Friday, February 22, 2008

A sense that the end is near

I'll begin at the end, because somehow it seems most pertinent. At the close of last night's Democratic debate, Hillary Clinton conveyed the impression that she is preparing herself for defeat.

Some of this was communicated in her words: "And, you know, no matter what happens in this contest - and I am honored, I am honored to be here with Barack Obama. I am absolutely honored. Whatever happens, we're going to be fine. You know, we have strong support from our families and our friends." More importantly, it was communicated in the way she spoke those words. She sounded wistful, as if resigned to her political fate.

Actually, she seemed to be going through the motions for much of the evening - repeatedly forfeiting opportunities to skewer Barack Obama, and reciting scripted attack lines with no apparent fervor. Perhaps the news yesterday of her latest 11th straight loss (roughly 20,000 voters living overseas, organized in a party-sanctioned contest called Democrats Abroad, had opted for Obama in another 2-1 landslide) had taken the stuffing out of her. Or perhaps it was the news that the polls in Texas and Ohio have tightened considerably, and that her latest firewalls may indeed fall to the prevailing winds. Even the Teamsters have now endorsed Obama.

Whatever the reason - and perhaps it's just plain fatigue, given the pace that she and Obama have been compelled to sustain - she seemed tentative at a time when she could least afford it. She needed to do something, or have something happen, that would dramatically change the dynamic of the Democratic race. But nothing changed. Obama wants his momentum to be the prevailing story line of the week, and nothing came out of the debate to change that.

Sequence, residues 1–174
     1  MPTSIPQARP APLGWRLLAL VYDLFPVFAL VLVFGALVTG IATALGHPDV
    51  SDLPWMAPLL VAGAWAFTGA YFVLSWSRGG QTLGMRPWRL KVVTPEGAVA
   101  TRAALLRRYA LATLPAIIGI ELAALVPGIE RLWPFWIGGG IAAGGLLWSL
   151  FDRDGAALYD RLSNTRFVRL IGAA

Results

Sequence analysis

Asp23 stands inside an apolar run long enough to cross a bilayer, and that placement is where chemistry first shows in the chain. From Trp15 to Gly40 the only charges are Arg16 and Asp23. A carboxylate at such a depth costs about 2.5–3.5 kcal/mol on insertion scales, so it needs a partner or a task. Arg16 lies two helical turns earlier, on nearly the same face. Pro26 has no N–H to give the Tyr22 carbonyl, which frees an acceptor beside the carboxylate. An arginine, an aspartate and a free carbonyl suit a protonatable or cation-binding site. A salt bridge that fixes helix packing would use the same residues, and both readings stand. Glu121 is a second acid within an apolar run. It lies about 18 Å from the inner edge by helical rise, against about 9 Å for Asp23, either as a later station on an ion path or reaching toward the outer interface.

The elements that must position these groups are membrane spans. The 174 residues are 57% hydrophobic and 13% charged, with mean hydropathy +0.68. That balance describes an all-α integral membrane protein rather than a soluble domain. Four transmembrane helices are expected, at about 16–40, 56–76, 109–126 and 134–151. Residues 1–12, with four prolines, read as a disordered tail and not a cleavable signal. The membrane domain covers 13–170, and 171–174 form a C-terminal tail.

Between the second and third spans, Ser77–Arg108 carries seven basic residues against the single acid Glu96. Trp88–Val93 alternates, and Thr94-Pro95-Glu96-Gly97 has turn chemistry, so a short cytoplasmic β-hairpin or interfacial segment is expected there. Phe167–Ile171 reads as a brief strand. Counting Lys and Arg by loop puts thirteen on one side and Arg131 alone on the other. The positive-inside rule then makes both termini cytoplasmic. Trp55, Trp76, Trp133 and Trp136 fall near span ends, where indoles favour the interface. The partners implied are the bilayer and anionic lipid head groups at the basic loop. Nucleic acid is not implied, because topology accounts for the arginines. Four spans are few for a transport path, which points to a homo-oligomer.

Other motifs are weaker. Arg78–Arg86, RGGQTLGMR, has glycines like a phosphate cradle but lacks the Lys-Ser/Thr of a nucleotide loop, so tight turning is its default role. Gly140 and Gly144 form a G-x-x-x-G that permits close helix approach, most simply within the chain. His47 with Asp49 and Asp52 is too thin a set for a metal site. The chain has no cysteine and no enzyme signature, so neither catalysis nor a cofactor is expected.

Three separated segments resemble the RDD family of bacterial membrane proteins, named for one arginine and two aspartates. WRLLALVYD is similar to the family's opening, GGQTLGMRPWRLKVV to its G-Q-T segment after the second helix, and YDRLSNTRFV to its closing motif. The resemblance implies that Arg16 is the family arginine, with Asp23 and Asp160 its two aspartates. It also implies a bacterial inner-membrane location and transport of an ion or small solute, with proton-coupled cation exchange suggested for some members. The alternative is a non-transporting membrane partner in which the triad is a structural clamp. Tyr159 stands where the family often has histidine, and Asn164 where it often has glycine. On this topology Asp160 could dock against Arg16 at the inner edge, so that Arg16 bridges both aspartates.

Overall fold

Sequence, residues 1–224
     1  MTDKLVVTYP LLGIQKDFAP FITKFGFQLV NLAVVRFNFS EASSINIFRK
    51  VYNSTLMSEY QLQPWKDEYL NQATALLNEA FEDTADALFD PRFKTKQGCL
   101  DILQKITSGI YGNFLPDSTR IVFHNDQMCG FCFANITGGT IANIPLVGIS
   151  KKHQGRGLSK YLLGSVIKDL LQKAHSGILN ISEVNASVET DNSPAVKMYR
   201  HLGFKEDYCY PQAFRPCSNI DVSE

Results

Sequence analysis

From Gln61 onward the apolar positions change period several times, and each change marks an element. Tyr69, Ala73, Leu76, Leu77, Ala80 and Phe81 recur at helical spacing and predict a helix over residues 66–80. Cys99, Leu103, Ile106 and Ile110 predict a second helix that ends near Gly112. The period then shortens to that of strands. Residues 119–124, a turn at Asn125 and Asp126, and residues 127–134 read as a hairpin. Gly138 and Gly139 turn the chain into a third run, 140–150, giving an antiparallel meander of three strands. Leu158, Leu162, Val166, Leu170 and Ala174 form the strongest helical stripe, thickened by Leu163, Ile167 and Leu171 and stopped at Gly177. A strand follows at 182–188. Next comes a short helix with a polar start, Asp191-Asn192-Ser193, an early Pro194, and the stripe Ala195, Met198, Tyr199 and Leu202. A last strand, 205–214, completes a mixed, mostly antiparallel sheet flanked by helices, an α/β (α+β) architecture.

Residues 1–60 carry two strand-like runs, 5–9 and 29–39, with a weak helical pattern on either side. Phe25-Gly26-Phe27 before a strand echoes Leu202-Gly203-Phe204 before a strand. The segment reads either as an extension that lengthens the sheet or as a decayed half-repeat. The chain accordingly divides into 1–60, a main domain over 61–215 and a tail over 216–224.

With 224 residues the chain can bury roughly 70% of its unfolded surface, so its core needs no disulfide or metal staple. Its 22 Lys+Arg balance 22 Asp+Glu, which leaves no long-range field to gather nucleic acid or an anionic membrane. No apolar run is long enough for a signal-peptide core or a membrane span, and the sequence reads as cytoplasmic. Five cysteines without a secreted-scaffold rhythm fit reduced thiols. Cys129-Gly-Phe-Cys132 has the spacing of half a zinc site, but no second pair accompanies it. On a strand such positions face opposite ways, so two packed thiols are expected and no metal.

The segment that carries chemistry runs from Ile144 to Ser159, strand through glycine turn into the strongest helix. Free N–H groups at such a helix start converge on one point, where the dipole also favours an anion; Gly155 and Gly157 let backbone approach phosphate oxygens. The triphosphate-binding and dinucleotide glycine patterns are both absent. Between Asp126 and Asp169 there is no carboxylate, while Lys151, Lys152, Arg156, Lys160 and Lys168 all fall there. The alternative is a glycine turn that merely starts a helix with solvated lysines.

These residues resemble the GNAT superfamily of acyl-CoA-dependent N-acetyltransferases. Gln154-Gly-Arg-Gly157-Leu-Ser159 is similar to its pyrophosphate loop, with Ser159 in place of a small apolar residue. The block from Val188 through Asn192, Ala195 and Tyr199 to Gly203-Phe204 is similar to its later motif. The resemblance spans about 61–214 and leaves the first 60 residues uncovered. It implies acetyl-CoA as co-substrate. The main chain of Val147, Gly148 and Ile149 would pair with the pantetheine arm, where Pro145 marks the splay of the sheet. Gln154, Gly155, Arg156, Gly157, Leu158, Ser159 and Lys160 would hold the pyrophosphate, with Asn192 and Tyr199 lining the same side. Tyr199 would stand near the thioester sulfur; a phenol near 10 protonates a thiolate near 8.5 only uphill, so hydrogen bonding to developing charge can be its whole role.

She was repeatedly invited, by the moderators, to shake things up. She was asked, for example, to explain why she believes (at least in stump speeches) that Obama is just a guy who talks a good game. In Texas lingo, she was asked whether she believes that her rival is all hat and no cattle.

She launched into a laborious, cautious response, the verbal equivalent of tiptoeing in bare feet on hot coals ("I know that there are comparisons and contrasts to be drawn between us"), along with a rote observation about the hapless Obama surrogate who was hammered by Chris Matthews the other night for his failure to cite any Obama achievements. She didn't explain the reference. More significantly, she passed up a chance to confront Obama with an argument that might have made some news. She could have quizzed him on his thin Senate record, and asked him to cite a single instance when he has taken a leadership role on any of the big issues (poverty, education, immigration, health care). She didn't, and the moment passed.

Later, she was asked to explain why she believes (at least on the stump) that she alone is ready to be the next commander-in-chief. Why doesn't she believe that Obama has those qualities?

Again she punted. She launched instead into a long recitation of her own resume ("What I mean is that, you know, for more than 15 years, I've been honored to represent our country in more than 80 countries..."), and didn't say a word about Obama.